And so what does this have to do with children’s books? First, it is not the end of the traditional hardcover picture book.  The book, a unique art form that generations of parents and their children have grown up with is not going away, and in fact should continue to thrive no matter what electronic wonders evolve.

But think of this: A nonfiction book about the Holocaust in which embedded in the text is a link to a YouTube site that can be accessed by scanning a link onto your phone. Then, after slipping on Google Cardboard and sliding in your phone, you find yourself transported to the Holocaust Museum or through the gates of Auschwitz. Or a picture book about lions that places you in the middle of a pride lounging about a water hole. Tour the International Space Station? Take a spacewalk?  Visit Monet’s Garden?  The possibilities for enhancing a book are endless. 

Also endless is the headlong advance of technology. Google Cardboard, cutting edge today, could be old hat in a year, replaced by something being dreamed up in Silicon Valley even as you read this.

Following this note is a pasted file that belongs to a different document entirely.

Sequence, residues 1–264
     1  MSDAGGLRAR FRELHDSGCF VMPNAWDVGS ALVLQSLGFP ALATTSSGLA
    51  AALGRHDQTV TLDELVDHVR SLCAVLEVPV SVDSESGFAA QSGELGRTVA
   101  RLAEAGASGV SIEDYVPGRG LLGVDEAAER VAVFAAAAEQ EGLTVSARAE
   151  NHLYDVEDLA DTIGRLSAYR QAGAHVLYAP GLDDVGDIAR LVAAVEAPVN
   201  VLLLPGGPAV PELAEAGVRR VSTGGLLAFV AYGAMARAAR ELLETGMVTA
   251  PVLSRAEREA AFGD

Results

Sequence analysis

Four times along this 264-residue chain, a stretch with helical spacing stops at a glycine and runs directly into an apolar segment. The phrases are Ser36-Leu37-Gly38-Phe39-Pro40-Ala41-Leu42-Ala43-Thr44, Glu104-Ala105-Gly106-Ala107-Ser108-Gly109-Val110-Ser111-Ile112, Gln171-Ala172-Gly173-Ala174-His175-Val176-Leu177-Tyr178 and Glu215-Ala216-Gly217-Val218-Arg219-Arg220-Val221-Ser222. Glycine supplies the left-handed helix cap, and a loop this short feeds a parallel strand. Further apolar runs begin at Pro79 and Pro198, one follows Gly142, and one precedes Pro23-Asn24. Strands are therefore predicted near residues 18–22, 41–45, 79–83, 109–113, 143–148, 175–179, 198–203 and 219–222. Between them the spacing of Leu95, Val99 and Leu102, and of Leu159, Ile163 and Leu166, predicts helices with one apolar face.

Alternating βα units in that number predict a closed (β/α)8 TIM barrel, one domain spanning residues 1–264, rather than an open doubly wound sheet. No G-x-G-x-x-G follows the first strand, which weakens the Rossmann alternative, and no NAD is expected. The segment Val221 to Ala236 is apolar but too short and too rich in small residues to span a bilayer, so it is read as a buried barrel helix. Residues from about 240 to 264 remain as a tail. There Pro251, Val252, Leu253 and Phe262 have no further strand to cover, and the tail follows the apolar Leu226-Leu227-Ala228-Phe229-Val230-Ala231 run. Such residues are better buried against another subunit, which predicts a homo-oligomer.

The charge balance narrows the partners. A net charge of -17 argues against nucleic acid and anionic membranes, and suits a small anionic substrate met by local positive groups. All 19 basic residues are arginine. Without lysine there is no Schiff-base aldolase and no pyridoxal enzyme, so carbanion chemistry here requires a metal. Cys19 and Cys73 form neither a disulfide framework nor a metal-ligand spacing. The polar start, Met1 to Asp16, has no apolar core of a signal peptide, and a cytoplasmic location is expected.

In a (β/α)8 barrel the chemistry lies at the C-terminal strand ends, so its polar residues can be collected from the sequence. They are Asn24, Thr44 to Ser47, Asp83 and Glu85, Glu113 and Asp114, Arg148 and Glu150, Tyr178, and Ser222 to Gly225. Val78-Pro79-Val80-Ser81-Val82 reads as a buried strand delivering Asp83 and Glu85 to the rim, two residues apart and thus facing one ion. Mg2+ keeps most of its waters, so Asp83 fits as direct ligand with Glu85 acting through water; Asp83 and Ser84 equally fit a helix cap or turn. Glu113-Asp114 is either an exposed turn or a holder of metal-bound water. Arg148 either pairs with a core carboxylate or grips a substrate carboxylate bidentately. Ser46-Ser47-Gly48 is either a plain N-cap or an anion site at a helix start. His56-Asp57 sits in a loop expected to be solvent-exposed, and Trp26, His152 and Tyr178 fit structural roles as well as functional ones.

Our challenge as writers and artists is to use our creative minds to turn these new tools into compelling stories that will entertain and educate. The field of children’s books has always been highly competitive and the future will be no different. Those who succeed will be those who educate themselves, work hard at their craft and, in the end, settle for nothing but the very best. New technology will demand it, and children deserve it.


Want to learn more about Virtual Reality? Here are a few links that will get you started.


  1. Purchase Google Cardboard Viewer for your smartphone and find VR Apps:
  3. The Wall Street Journal on how Virtual Reality will change the news-a short video: Will Virtual Reality Change How We Consume News?
  5. Short Virtual Reality Videos to View with Google Cardboard:

  7. All you want to know—and then some about Virtual Reality: